PigletJohn Fri 17-May-13 17:50:57


I used the word salt because kittycat60 said "incrediably salty"

There should never be ANY salt in the tapwater.

If there is, your machine needs mending.

I agree that there will be a tiny amount of sodium bicarbonate (as used in indigestion remedies and baking powder) in the water. If you drink 2 litres of softened water every day for a month, you will ingest as much sodium from it as is contained in a traspoonful of salt.

vicky228 Fri 17-May-13 22:26:25

I've been quoted £1000 to have one fitted (not including the cost of the machine itself). This seems a lot more than I expected but it is from a reputable local company so I don't think they're trying it on.

They say they have to locate where the mains water supply pipe runs, run hard water connection to the kitchen cold water tap and the softened water elsewhere and do something with an electrical connection and overflow. But how come nobody else seems to have to pay this much to have a softener fitted??

PigletJohn Sat 18-May-13 08:40:20

If I thought I could find people willing to pay a thousand pounds to fit a water softener, I'd take it up as a part time job.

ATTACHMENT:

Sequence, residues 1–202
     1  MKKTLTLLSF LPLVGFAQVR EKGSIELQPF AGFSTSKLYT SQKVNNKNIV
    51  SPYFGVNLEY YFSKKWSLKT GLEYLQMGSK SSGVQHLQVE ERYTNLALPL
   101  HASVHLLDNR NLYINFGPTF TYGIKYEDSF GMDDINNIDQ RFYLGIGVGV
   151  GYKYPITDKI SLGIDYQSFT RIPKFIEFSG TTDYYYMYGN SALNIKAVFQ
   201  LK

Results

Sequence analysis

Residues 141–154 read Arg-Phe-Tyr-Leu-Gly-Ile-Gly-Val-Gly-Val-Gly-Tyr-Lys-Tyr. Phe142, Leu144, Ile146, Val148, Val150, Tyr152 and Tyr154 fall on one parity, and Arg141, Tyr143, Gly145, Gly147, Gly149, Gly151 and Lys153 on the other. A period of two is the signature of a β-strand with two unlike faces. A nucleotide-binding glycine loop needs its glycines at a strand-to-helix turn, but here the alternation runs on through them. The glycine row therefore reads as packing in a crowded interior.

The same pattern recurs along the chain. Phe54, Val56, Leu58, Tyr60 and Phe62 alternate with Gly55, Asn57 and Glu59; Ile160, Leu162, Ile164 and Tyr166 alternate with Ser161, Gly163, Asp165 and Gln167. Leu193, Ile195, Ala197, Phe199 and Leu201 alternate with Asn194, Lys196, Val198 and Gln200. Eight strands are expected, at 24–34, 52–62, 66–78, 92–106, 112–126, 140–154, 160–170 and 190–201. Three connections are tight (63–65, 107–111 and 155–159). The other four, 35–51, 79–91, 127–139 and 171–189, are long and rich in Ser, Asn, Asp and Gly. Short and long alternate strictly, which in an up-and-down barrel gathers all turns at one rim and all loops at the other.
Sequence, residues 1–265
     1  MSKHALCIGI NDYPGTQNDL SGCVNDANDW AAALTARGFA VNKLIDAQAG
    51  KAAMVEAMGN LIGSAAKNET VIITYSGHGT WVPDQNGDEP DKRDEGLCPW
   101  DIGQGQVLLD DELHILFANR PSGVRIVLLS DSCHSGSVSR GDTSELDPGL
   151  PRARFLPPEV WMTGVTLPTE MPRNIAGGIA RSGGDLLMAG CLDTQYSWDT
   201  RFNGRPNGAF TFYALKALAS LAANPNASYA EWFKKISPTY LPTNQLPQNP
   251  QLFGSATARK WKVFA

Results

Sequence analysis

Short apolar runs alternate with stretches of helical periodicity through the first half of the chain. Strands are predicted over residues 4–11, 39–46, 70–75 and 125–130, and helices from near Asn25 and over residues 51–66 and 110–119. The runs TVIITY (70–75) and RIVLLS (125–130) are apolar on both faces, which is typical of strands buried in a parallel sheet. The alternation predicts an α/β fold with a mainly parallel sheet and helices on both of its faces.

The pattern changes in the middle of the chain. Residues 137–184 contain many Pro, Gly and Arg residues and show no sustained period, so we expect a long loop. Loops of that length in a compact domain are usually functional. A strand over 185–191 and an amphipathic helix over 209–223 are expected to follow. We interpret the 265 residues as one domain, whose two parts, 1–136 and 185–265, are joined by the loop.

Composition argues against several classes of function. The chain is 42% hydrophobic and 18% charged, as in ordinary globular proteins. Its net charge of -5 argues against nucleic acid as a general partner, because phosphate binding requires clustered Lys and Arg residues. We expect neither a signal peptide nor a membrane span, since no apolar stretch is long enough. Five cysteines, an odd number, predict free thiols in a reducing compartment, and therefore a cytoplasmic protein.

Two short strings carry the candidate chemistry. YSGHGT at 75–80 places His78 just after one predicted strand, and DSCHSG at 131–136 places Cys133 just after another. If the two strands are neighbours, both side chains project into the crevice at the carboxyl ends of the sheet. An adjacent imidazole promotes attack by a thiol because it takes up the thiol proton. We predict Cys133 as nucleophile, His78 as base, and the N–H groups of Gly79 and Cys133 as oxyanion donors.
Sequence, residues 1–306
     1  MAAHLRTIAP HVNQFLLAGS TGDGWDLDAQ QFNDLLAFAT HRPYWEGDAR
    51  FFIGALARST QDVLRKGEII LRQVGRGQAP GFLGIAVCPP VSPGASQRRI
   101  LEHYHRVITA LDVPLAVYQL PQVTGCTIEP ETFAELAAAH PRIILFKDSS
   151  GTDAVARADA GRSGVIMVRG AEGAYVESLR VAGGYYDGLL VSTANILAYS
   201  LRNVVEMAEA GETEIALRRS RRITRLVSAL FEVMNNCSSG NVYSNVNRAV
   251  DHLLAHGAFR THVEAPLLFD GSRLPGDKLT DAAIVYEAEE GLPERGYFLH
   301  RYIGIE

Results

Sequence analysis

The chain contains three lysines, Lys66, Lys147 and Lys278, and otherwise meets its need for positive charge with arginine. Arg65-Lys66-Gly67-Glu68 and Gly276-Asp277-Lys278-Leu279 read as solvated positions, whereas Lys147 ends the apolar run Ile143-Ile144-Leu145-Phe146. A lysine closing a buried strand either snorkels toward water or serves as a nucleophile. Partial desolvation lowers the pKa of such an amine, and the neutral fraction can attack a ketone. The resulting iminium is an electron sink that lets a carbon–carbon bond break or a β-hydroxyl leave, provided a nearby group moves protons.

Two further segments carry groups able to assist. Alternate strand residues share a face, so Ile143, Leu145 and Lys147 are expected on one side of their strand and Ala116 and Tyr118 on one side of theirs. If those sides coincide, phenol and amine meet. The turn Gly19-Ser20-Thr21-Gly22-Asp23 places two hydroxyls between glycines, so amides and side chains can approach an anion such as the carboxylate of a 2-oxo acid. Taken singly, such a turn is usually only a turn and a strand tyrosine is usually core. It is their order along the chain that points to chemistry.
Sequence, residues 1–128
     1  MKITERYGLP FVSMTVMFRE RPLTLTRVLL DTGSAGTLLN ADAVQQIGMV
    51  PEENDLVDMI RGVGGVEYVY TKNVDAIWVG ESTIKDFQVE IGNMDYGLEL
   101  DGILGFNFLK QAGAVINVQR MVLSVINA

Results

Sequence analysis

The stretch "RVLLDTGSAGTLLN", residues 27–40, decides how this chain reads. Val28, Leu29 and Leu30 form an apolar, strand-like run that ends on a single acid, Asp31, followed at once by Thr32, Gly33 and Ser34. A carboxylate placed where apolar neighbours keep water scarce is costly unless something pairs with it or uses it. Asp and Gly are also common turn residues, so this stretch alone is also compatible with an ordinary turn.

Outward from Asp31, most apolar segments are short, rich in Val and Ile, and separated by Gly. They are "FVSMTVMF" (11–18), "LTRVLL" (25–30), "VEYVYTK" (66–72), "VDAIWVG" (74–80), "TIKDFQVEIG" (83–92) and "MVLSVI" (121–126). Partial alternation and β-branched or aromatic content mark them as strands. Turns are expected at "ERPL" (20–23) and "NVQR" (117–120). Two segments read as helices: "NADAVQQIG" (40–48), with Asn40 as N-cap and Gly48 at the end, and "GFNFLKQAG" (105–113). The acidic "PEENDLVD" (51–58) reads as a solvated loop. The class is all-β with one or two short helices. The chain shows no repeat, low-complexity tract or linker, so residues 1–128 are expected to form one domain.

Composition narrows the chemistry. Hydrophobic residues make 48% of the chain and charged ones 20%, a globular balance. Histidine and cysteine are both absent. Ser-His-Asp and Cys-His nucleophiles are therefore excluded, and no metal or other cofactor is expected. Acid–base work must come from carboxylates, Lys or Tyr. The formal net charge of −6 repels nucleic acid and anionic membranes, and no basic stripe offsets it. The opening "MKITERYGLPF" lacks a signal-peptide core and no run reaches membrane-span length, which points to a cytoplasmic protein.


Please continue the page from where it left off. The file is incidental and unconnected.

If you provide Jaffa cakes, I could give you a special price of £999.

Have you got parking for my Bentley?

PigletJohn Sat 18-May-13 11:58:57


Ask around for a recommended local plumber. That's all it needs. He will probably also source one from the local plumbers merchant if you ask.

Send me half the savings....

vicky228 Tue 28-May-13 16:42:10

Dammit. Got a water softener company in who'd estimated around £200 for fitting, depending on a site visit - and they can't find our stopcock so can't do anything. I presume this was what bumped up the original quote.

Why would a stopcock be so well hidden??

HaveToWearHeels Tue 28-May-13 22:47:17

Vicky I couldn't find mine in my previous house until it developed a very slow leak which lifted the wood flooring. Kitchen was at the back but stop cock was behind a funny panel thinging in the hallway. it was boxed in with access via a circular hole that was covered with a circle of wood, sort of like a key hole cover on a large scale iyswim confused

vicky228 Wed 29-May-13 21:14:20

Eek. We had a funny panel thing in our hallway which I thought was just cleaning access to a chimney for an antique woodburner we don't use. We've just plastered over it and redecorated...

HaveToWearHeels Wed 29-May-13 22:15:25

whoops, that could have been it !